6. Must be on the beach!
My husband’s biggest pet peeve is when a buyer is looking for a home in a coastal area and insists on living on the beach. Of course, these couples usually don’t have the budget for a view as well as their long wish list of must-haves (granite, stainless steel, wood floors, etc), and they get irritated when they aren’t shown the perfect home on the beach.
What I find amusing is when they are told it is a 5-minute walk to the beach and that isn’t good enough either. I always find myself asking, “Really? You need to be more realistic”
I talked about it once before, but I will never understand the obsession with man-caves. A male buyer, usually with his wife or girlfriend, will keep pestering the real estate agent saying, “Well, it needs to have a place for my man-cave.” I keep thinking to myself, “Get over yourself.”
8. Too close to the neighbors
Unless you live on a lot of acreage, you will be living next to your neighbors. I’ll admit to seeing some homes where it looks like the houses are only 50 feet away from each other and thinking, “hell, no!” Those homes are the exception on the show, though. Most buyers that complain about being too close to their neighbors do so when looking at homes in a suburb. Basically, all they can see is all their neighbors yards. If they want to be isolated from neighbors, perhaps they need to look at homes in a rural environment. If you are looking in the suburbs (or city), you will see your neighbors. Duh!
9. No character or charm
I love older homes. I do. I’d love to live in an old Victorian home. However, when house hunting, I’ve never walked into a home thinking, “Oh there is no character to this home,” like you hear so often on House Hunters. You would think the buyers were looking for old homes. Nope. So many of them are looking for a move-in ready home, perfect in every way, that also has charm and character. I’d love to point out the them that how they decorate their home often adds more charm and character than the home itself (unless the home is an older home, of course).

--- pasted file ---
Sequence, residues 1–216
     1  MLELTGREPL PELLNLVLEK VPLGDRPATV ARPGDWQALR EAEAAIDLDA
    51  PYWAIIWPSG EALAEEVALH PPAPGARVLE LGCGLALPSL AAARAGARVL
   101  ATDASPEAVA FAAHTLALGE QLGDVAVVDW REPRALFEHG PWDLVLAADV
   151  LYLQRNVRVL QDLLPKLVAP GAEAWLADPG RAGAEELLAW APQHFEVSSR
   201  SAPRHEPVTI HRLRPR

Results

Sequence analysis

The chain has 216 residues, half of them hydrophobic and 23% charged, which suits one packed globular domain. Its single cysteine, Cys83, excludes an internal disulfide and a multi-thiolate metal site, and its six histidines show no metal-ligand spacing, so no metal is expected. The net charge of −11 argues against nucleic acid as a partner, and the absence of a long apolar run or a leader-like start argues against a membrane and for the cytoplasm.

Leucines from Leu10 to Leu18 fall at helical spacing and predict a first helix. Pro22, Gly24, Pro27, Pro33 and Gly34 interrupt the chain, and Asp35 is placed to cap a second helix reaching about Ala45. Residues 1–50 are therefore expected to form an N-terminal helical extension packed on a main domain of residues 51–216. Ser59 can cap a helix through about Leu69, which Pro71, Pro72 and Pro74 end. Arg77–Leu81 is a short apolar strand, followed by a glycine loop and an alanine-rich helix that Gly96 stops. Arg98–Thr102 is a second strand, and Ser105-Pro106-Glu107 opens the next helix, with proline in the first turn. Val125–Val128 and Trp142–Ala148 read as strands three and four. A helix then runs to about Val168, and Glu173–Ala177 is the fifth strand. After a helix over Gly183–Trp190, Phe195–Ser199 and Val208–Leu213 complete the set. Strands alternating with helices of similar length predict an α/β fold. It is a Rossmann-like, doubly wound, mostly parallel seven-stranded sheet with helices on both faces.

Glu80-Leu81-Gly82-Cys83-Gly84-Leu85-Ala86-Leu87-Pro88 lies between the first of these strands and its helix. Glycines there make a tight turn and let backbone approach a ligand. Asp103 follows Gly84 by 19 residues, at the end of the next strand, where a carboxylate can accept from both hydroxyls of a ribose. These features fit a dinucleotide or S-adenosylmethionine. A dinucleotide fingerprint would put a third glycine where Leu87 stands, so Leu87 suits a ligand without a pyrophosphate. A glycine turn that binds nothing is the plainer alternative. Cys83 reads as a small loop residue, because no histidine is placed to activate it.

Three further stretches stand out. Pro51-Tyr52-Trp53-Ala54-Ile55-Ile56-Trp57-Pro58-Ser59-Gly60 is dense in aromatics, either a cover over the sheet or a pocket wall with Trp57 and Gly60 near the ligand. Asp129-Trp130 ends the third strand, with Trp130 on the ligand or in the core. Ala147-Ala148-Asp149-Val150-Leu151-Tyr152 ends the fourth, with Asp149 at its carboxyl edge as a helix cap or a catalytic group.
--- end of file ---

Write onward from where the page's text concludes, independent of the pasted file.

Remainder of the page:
10. Specific style homes
While I do love Victorian homes, I’ve never gone to a real estate agent demanding that he or she only show me Victorians. Yet, on House Hunters, you will hear the buyers say, “I really want a craftsman.” Then, when the agent shows them something other than a craftsman, the buyer will complain, “I wish I could like this but it isn’t a craftsman.” Really? Is this a thing? Do people really demand only one style home? I can understand preferring a look or even a floor plan but I can’t imagine ruling out a house because it isn’t a specific architecture style.
11. “This is slightly over your budget.”
Last, but not least comes from the real estate agents themselves. When looking at homes, I can see an agent showing a home slightly over your budget because the home price is often negotiable. Yet, time and again, real estate agents on the show will say, “This home is slightly over your budget,” then show a price substantially over the budget. This is particularly true with rental homes. The budget will be $1000/month. The agent will show them a rental costing $1400 (40% over the budget). It makes me think that these agents have no clue what the word “slighty” actually means.
While these statements and actions from the buyers (and real estate agents) drive me nuts when I watch House Hunters, I can’t help but continue to watch. Now that the show is on Netflix, I can watch even more. Yay, me!